Date: Monday, October 22, 2018
Session Type: ACR Poster Session B
Session Time: 9:00AM-11:00AM
Background/Purpose: Linear Scleroderma (LS) is the most common subtype of localized Scleroderma in children and the one most frequently associated with tissue damage and functional disability. During the last decade, methotrexate (MTX) has been used as first choice agent for LS but, to date, available data on long-term outcome are partial and incomplete. Aim of this study was to assess the disease recurrence and the long-term outcome of children with LS treated with MTX since diagnosis.
Methods: We conducted a retrospective and cross-sectional study including children with LS followed at our Paediatric Rheumatology Centre between 2000 and 2016. Patients treated with MTX for at least one year, then followed for at least 2 years were included. Disease course was evaluated by retrospective analysis of clinical features, treatment and number of flares. Outcome at the last visit was assessed by evaluation of disease activity and severity of tissue damage and/or functional impairment by Localized Scleroderma Cutaneous Assessment Tool (LoSCAT) and thermography. Clinical remission (CR) was defined in presence of inactive disease off treatment for more than two years; clinical remission on medication (CRM) in presence of inactive disease while on treatment.
Results: 50 patients, 24 with LS of the trunk/limbs and 26 with LS of the face, entered the study. MTX treatment duration was 3.1 years (median 2.9, range 1.8-8.5 years). Only 16% patients did not respond to the first therapy with MTX, 16% had at least one flare of the disease, on average 30 months after starting MTX and 10% presented recurrent relapses. The mean follow-up was 7.8 years (median 6.8, range 2.1-16.3). Within 5 year follow-up, 81.8% of patients achieved CRM and by 10 year follow-up, 80.0% obtained CR. In the group of 16 patients with >10 years, CR was reported in 87.5%. At the last evaluation, tissue damage was very mild in 42% of patients, moderate in 32% and severe in 26%. Various degree of functional limitation was reported in 41.7% of patients with LS of the limbs. Severity of tissue damage was not related to the part of the body involved or to the disease duration, while functional disability was more frequent in LS of the limbs (p=0.039). LS body site and severity of tissue damage were not associated with disease recurrence or remission, while the length of therapy was related to number of disease relapses (p=0.040) and severity of tissue damage (p=0.003).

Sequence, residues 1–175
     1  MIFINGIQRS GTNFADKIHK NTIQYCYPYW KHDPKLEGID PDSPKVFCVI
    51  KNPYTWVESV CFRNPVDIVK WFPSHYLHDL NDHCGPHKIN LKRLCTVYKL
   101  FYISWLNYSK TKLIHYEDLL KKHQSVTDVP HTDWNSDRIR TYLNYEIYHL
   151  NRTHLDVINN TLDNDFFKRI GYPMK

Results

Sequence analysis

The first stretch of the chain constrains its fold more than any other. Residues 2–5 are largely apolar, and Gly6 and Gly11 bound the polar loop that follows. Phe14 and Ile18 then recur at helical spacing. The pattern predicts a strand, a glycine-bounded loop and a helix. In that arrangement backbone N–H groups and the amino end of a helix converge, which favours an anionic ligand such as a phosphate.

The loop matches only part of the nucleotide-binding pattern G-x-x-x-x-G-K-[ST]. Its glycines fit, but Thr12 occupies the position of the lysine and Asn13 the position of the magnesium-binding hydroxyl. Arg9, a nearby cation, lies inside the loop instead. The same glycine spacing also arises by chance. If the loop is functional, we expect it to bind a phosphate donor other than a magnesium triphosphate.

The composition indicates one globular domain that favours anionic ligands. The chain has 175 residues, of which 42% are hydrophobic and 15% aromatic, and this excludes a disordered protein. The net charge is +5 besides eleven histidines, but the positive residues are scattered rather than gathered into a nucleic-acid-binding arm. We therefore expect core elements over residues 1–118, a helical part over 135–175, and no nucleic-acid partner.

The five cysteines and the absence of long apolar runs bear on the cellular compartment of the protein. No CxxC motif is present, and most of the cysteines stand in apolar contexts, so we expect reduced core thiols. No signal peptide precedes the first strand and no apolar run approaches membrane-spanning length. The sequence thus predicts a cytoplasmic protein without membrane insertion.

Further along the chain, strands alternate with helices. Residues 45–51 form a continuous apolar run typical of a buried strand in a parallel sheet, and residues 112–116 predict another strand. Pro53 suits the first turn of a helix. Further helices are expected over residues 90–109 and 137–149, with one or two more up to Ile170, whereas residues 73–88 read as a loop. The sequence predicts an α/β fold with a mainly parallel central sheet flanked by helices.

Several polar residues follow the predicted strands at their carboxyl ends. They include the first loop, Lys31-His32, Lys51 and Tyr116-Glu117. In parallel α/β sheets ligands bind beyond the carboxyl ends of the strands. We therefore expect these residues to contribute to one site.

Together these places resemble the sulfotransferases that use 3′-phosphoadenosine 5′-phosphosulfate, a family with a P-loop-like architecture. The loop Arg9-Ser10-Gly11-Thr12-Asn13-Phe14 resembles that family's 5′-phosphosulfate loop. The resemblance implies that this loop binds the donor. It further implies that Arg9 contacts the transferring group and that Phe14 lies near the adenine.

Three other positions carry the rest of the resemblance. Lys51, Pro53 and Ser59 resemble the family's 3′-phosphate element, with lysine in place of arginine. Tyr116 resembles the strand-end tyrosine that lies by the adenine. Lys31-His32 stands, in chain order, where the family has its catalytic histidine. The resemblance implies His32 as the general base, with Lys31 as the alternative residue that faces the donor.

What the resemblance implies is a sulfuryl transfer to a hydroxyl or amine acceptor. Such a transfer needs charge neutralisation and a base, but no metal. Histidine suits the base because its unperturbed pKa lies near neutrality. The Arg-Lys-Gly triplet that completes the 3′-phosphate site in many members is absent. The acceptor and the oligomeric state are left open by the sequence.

Conclusion: Most patients with LS treated with MTX achieve complete remission without flares and only a minority present repeated relapses or active disease after more than 10 years. The long-term monitoring of the patients, even after stopping MTX treatment is crucial to promptly identify possible flares and treat them properly. Overall aesthetic and functional sequelae are moderate and develop early in the disease course as their severity is not related to the disease duration.
To cite this abstract in AMA style:Martini G, Fadanelli G, Agazzi A, Vittadello F, Meneghel A, Zulian F. Long-Term Outcome of 50 Patients with Linear Scleroderma Treated with Methotrexate [abstract]. Arthritis Rheumatol. 2018; 70 (suppl 10). https://acrabstracts.org/abstract/long-term-outcome-of-50-patients-with-linear-scleroderma-treated-with-methotrexate/. Accessed April 19, 2019.
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